9 Comments

Hi Caro,

I'll be interested in the responses to your query. My assumption was the opposite to yours, that more intact forests here on Turtle Island require tree seedlings to grow tall and straight, stretching toward skimpy light passing through mature canopies. May that this land greet you generously for the duration of your stay. I'm almost tempted to drive over to VT on Wed. You'll be close to my parents' home.

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author

Ah, that makes more sense!

And yes, do come over.

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We shall see what the tree people have to say. I'm a novice aficianado pedaling tree hearsay. With the Feast preparations in full swing there's a slim chance I'll leave here, but I love knowing that we are inhabiting this seasonal moment together. Best to you.

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novice aficianado pedaling tree hearsay

Is a great sentence! Thank you for that rich language

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That soup looks amazing! It is just starting to feel like spring here near the Canadian Rockies. Or it was. It’s going to snow quite a bit again I hear. Wellllll we need the moisture however it gets here.

Your writing stands out to me because it is so full of detailed observations and appreciation of beauty. When I read I know I am going to experience something lovely vicariously.

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Apr 30Liked by Caroline Ross

I’m happy that you got to experience the verdancy of late spring here in North Carolina, as well as our red clay soil. Your observation about the trees is interesting. My home is in a white oak wood, interspersed with tulip poplar, holly, cherry, sourwood, pignut hickory, and other species. Mature trees in the forests are often quite tall and straight, reaching high to spread their crowns in the sun (except for the understory hollies and those very crooked sourwoods). The same white oak trees when growing in open areas as on old farms spread out considerably, often with long, low branches and thick, twisted trunks such as you describe. You don’t see those as many of those anymore, sadly, as they get cut down when the farms are sold for developments. Anyway, I hope you enjoy the rest of your trip through the US. And I would relish a bowl of that stew!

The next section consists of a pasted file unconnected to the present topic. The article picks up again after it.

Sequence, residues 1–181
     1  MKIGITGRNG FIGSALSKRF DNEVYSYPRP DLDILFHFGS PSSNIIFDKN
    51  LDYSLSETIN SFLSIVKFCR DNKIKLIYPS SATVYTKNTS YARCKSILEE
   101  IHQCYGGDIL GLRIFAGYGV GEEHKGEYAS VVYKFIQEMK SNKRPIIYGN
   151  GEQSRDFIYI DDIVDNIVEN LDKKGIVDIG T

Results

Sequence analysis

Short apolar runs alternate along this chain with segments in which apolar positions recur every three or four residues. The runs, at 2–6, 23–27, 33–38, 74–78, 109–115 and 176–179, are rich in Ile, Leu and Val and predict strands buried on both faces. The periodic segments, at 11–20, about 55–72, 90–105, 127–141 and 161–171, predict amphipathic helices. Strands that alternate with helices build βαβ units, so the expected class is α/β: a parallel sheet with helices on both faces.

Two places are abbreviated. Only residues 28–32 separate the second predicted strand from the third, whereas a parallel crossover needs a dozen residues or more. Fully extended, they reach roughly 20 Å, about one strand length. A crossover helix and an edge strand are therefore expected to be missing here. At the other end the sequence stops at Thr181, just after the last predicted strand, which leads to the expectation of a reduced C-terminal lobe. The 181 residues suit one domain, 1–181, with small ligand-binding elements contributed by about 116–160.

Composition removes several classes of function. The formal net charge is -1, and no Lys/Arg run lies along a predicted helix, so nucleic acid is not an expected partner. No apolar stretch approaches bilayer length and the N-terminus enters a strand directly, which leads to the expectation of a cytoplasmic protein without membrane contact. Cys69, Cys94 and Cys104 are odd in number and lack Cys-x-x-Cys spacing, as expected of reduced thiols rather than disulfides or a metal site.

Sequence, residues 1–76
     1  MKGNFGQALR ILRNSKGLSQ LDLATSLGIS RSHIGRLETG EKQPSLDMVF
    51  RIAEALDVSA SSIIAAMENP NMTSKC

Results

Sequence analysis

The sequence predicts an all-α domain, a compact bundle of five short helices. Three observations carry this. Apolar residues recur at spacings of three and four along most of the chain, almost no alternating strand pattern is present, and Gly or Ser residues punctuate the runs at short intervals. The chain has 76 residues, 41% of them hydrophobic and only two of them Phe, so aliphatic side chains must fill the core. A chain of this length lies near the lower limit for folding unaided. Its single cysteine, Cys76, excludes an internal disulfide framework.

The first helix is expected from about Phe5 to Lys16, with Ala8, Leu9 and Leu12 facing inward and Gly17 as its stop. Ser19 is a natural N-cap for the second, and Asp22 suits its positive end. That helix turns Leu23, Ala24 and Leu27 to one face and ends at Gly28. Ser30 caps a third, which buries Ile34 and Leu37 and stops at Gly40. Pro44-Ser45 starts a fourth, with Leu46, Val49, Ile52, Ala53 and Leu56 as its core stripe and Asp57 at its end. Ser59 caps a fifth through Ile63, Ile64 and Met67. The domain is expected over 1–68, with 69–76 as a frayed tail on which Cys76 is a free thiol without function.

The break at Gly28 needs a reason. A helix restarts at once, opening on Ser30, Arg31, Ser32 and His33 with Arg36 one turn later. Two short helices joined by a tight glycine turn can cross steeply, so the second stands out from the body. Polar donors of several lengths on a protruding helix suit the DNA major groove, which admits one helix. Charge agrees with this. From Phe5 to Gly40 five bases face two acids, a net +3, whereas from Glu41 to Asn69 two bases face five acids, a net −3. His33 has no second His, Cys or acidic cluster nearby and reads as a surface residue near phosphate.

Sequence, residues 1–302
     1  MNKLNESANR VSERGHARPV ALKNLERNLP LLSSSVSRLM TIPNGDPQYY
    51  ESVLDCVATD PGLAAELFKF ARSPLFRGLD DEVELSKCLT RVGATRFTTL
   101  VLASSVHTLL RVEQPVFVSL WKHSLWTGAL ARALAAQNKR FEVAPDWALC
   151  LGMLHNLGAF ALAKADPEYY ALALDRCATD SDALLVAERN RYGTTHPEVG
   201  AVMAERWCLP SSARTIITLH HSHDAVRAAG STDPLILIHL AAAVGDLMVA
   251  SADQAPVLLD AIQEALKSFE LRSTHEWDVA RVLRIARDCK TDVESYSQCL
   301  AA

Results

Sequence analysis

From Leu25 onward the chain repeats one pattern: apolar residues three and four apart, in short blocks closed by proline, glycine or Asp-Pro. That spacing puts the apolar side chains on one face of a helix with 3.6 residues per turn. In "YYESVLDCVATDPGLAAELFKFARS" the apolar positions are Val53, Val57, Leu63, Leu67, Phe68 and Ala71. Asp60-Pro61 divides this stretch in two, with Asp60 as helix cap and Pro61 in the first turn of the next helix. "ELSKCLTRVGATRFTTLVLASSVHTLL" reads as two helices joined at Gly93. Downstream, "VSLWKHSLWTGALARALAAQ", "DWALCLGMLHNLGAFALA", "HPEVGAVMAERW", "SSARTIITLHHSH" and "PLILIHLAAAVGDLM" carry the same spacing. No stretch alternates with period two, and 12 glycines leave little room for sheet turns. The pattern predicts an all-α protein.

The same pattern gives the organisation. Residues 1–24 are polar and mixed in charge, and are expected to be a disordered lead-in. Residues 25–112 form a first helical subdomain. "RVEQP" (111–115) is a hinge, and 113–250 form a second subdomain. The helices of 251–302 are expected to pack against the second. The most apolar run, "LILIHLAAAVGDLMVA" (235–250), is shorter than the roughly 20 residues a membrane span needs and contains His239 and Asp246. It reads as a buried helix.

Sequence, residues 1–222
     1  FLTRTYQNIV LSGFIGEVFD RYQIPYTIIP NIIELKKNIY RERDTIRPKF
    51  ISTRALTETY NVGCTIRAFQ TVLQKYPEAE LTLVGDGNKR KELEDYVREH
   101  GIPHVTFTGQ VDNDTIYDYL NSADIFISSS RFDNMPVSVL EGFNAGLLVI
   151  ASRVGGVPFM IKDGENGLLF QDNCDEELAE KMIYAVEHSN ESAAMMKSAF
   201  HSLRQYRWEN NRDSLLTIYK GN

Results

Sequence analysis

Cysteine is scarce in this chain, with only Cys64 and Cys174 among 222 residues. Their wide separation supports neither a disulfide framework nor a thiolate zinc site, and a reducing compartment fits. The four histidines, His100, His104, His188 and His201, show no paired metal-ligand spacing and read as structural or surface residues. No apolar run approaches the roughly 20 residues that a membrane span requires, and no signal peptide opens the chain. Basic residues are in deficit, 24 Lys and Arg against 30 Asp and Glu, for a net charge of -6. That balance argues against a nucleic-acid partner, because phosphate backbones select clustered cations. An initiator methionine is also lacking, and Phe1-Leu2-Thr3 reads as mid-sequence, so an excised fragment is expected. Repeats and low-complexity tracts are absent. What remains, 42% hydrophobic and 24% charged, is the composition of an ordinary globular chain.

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This sounds right! Now up in Vermont and looking closely at the trees.

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I’m planning a month sabbatical next year. It was supposed to be this year, but life has gotten complicated. I can’t imagine taking a 5 month sabbatical.

I enjoy your writing very much and am just starting to stop lurking and start commenting

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I can't imagine it yet either! But I will still be writing, which is still work, of course.

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